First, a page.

• The new textbook policy recently introduced in Kenya has failed according to Wilson Sossion, Secretary-General of the Kenya National Union of Teachers. Writing in an opinion piece reproduced from the Daily Nation, he alleges that according to recent reports “some 33 million textbooks procured by the government for public schools have multiple errors, and misleading facts are quite alarming but not surprising.” The Kenya National Union of Teachers had warned, he says, that a centralised public procurement system for school textbooks has never worked, and is fraught with challenges. “It does not make sense for the government to select textbooks and impose them on teachers, who actually know and understand what kind of instructional materials their learners really need.” Although the decision to select and purchase textbooks and distribute them to schools was aimed at locking out cartels and middlemen who collude with some head teachers in fraudulent activities regarding textbook procurement, the new policy has turned out to be counter- productive, Sossion says.


  • An Investigation of Textbook Vetting and Evaluation Process in Tanzania is a timely recent article by Daniel Rotich, Emily Kogos, and Zamda Geuza that appeared in the March 2018 issue of Publishing Research Quarterly. The authors investigated the role of publishers and the Tanzania Institute of Education (TIE) in the textbooks vetting and evaluation process; examine the factors used to vet, evaluate and approve primary and secondary school textbooks in Tanzania, and propose strategies that could enhance the various evaluation and processes. The authors found that the process is not professionally conducted although standard criteria have been established; and that it lacks established roles among key players involved in the vetting and evaluation process, leading to conflict of interest between TIE and the publishers. The study recommends establishing an independent professional evaluation board, a well-defined timetable, and more effective communication among various players; as well as enacting a coherent book policy, and adopting a limited multiple-textbook publishing system.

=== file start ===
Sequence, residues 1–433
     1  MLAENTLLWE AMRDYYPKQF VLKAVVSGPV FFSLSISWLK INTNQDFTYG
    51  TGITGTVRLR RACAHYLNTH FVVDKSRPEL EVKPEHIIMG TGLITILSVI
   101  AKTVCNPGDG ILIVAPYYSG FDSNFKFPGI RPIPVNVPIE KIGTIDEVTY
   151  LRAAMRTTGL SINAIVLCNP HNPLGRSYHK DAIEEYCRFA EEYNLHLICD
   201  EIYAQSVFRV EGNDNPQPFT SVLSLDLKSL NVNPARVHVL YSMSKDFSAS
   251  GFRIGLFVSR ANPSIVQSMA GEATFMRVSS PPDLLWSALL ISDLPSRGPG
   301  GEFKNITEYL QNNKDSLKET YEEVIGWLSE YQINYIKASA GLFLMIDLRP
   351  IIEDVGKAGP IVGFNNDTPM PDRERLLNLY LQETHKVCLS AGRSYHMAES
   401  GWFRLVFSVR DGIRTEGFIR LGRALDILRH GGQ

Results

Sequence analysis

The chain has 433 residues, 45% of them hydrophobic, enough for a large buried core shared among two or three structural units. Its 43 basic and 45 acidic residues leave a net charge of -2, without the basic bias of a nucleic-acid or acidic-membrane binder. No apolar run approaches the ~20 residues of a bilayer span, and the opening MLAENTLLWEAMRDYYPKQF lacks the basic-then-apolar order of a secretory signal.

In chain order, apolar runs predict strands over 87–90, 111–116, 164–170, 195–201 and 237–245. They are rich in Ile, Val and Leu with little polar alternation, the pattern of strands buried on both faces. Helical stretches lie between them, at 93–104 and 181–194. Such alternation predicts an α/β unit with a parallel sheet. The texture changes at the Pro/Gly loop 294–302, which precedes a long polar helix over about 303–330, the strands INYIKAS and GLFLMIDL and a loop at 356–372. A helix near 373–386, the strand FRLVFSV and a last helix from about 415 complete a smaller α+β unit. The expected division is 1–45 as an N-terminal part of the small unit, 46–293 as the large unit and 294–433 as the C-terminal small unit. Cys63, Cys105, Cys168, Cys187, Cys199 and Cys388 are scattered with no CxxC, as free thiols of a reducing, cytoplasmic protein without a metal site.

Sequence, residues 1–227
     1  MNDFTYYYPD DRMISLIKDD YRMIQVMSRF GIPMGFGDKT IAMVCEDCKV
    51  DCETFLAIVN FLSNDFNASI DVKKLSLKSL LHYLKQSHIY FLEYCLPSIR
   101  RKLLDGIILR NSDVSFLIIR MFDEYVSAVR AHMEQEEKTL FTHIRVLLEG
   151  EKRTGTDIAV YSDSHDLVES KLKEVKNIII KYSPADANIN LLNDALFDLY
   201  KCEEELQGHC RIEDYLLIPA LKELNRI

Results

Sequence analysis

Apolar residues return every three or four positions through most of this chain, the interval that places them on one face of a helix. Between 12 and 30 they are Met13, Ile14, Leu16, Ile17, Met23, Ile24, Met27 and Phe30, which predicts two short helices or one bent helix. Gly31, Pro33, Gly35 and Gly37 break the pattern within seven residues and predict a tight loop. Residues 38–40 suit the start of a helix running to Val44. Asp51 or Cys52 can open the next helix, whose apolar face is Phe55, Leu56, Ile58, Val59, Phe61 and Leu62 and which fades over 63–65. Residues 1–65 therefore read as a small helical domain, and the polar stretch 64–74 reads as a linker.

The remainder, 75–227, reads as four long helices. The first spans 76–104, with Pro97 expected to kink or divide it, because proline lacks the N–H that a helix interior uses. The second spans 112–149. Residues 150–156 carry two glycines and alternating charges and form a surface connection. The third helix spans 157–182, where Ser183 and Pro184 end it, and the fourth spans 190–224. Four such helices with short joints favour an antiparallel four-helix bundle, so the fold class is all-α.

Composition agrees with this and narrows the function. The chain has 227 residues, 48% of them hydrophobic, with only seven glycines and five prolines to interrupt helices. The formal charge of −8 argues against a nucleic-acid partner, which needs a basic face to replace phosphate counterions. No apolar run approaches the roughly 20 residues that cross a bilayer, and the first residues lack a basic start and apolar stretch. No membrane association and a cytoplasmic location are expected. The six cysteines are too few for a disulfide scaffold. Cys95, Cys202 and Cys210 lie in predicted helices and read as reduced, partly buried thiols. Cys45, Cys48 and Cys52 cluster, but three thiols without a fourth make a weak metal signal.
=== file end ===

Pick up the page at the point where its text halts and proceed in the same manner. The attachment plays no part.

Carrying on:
• An insightful talk with author, publisher, journalist and critic Adewale Maja Pearce is the latest in a series of interviews on the Borders Literature Online website. As a writer and critic Maja Pearce – here in conversation with Olatoun Williams – has gained something of a reputation of being deliberately provocative. His public quarrel with Nobel laureate Wole Soyinka has been well documented online, and forms a significant part of this interview. He also describes the activities of his publishing house (and editorial services provider) The New Gong, and talks about his writing, the topic of literary criticism, book reviewing, book prizes and book juries, and more.

    Access to earlier Borders interviews, with a number of Nigerian book professionals, African writers and African scholars, as well as a wide range of book reviews, can be found here.


  • The Kenya Publishers Association has launched the first issue of its (free) quarterly BookNews magazine, intended to inform the public “on matters of publishing, the new curriculum developments, and various activities and projects that the publishing industry is undertaking.“ Contents in issue 1 (May/June 2018) also includes news about book trade events, book prizes and awards, book reviews, and a number of short articles on issues affecting publishing and the retail trade in Kenya.